October 3, 2021
Blockchain: The Next Big Thing
Blockchain technology has game-changing implications for data sharing and how we underwrite, determine loss-costs and more.
If you’ve been paying attention to the technology landscape, you’ve heard of blockchain. The inherent capabilities of this distributed ledger technology are vast, in its ability to efficiently, transparently and securely transmit information. As a neutral, not-for-profit advisory organization and statistical agent, AAIS needs access to key data with which to create loss costs and other insurance products and solutions for our member carriers. This is what led to the use of blockchain technology to develop our Open Insurance Data Link (openIDL) platform.
The Data Access Problem
As an advisory agency, our goal to create innovative products and inform better public policy starts and finishes with the data we can access. The obstacle to leveraging data is that it is often “locked” in proprietary silos and legacy systems that carriers are powerless to access efficiently. Additionally, companies like AAIS need more granular data that companies were not willing to share, concerned they might jeopardize market position. We often found that regulators encountered similar obstacles when asking for data to inform public policy.
The Birth of openIDL
During the exploration of a solution to data sharing in the insurance industry, it became clear to us that our industry needed an external data strategy that could remove existing barriers. Companies need to be able to assert control, support privacy of their data and allow enough transparency to others, including regulators and innovators, to improve the insurance data ecosystem. As with any ecosystem, change would need to be introduced with balanced and deliberate decisions around the use of data. It was apparent that blockchain/distributed ledger could be the conduit to support change.
With the help of stakeholders across the insurance community, AAIS set out to develop a technology platform that would fulfill data requirements for insurers while retaining the privacy of their data and providing regulators with the transparency and insights they need, when they need them. Together with IBM, AAIS built openIDL on Hyperledger fabric because of its commitment to open source as the best way to equitably bring change to industry. It was the first step toward ensuring that openIDL could not be owned by any one organization and used as a proprietary weapon within the industry. We sought freedom from that kind of control. openIDL would be an industry solution.
Understanding the need to apply governance principles to our open-source community led us to work with the Linux Foundation, one of the largest open-source consortiums in the world. AAIS came to realize that donating the openIDL technology to the open-source community at Linux would increase adoption of the platform across the industry and across the broader insurance ecosystem. So, on April 12, 2021, openIDL became a Linux Foundation project.
See also: Blockchain Smooths Subrogation
COVID-19 Data Call…The First Use Case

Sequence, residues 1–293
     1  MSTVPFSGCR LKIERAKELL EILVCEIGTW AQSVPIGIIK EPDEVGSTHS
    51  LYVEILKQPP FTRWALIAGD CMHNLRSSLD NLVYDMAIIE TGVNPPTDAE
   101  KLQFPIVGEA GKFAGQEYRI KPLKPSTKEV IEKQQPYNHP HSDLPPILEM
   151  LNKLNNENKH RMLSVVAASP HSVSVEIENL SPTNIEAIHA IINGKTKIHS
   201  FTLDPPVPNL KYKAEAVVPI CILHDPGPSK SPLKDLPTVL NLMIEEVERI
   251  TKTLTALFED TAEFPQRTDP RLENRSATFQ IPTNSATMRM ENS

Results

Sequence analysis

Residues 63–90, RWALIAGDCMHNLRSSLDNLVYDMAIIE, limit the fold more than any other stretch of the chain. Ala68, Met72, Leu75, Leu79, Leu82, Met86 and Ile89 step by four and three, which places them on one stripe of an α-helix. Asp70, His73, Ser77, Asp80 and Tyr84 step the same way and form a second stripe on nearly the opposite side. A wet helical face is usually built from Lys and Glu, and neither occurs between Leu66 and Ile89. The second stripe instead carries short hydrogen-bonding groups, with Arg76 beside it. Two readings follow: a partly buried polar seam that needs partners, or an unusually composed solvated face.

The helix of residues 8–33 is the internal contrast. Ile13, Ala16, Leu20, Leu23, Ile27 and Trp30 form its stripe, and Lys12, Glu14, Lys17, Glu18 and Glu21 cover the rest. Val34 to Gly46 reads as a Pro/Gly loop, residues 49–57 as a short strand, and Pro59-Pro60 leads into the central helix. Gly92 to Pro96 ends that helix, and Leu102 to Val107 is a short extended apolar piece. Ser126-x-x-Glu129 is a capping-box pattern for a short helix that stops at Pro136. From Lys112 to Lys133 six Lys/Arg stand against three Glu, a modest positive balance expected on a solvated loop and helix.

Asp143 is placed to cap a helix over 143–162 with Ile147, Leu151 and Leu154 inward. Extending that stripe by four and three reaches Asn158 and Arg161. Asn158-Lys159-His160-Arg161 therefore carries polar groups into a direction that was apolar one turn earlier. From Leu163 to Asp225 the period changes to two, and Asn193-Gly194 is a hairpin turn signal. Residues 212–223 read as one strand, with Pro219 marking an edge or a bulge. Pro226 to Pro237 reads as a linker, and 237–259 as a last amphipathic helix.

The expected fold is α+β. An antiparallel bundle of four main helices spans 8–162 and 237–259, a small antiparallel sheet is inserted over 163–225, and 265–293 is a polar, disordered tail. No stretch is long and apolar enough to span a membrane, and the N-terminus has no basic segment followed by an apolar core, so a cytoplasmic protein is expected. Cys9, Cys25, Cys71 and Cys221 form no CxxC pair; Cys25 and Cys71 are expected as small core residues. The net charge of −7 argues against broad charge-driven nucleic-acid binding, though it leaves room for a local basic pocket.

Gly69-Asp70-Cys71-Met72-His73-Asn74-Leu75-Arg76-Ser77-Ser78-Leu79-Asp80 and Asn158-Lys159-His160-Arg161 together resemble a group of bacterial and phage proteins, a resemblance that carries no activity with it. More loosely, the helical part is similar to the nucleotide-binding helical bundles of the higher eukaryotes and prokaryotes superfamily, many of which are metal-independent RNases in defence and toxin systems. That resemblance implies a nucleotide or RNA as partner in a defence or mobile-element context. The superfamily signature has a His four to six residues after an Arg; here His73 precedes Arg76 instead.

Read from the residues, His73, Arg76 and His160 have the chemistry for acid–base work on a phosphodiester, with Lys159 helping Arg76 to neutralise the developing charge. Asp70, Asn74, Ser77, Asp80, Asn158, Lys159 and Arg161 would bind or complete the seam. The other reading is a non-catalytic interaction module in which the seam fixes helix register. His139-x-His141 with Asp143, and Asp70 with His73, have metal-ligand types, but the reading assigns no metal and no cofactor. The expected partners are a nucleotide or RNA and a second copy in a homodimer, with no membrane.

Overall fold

The first use case for openIDL focused on regulatory reporting because basic claims and policy data from statistical reporting and data call (Figure I) activities are core data elements needed throughout the insurance ecosystem. It was also important to include the regulatory community in this development because any real change would need to be fully understood and accepted by regulators to penetrate the entire ecosystem.
An openIDL Pilot
By the time the pandemic hit in early 2020, the openIDL platform was ready for a test run in support of a COVID-19 business interruption (BI) data call, with nine state regulators and two large carriers agreeing to participate in a proof of concept (POC) using openIDL. The POC would replicate an earlier COVID-19 data call (Figure II) from the National Association of Insurance Commissioners (NAIC), using the capabilities of blockchain as applied to regulatory reporting.
The Results: Success
The openIDL POC yielded tangible successes. Not only was openIDL able to recreate the earlier COVID-19 BI data call, but new value was derived by introducing third-party data from the Federal Payroll Protection Loan database. Newfound insights were uncovered without the carriers’ private address level data ever leaving their control and possession. The utility of blockchain’s immutable ledger could be used to gain accountability and access to insights that we have never seen before, while dramatically improving the output and process of insurance regulatory reporting for both insurers and regulators.
During the pilot, openIDL exhibited several advantages over traditional methods of regulatory compliance. Among them:
- insurers could deliver far timelier data, more efficiently and potentially instantaneously once their dedicated openIDL “node” was populated
- insurer data could be leveraged by regulators, while remaining private, secure and in full control of participating carriers
- insurer information could be correlated with data from other sources to reveal deeper, previously unattainable insights
Ultimately, the ability to share insights while maintaining the privacy and security of data for all openIDL participants is a game-changer, ushering in a new era of quality underwriting capabilities, new product and service development and increased value to policyholders.
With openIDL now a Linux Foundation Project, AAIS and the Linux Foundation Regulatory Reporting Steering Committee will continue to work with regulators, insurers and other stakeholders to expand and evolve openIDL as the next-generation standard for statutory and periodic reporting, and perhaps the foundation for broader applications across the insurance ecosystem. Participation by stakeholders across the industry is welcomed!
See also: Breakthrough for Blockchain?